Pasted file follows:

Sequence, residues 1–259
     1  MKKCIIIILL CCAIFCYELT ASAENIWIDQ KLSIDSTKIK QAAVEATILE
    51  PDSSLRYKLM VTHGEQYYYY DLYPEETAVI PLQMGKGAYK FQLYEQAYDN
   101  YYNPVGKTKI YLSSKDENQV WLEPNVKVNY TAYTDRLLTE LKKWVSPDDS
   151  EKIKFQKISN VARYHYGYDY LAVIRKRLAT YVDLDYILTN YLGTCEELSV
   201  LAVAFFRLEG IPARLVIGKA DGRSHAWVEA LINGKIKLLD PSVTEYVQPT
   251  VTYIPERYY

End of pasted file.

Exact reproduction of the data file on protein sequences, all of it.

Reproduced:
Sequence, residues 1–259
     1  MKKCIIIILL CCAIFCYELT ASAENIWIDQ KLSIDSTKIK QAAVEATILE
    51  PDSSLRYKLM VTHGEQYYYY DLYPEETAVI PLQMGKGAYK FQLYEQAYDN
   101  YYNPVGKTKI YLSSKDENQV WLEPNVKVNY TAYTDRLLTE LKKWVSPDDS
   151  EKIKFQKISN VARYHYGYDY LAVIRKRLAT YVDLDYILTN YLGTCEELSV
   201  LAVAFFRLEG IPARLVIGKA DGRSHAWVEA LINGKIKLLD PSVTEYVQPT
   251  VTYIPERYY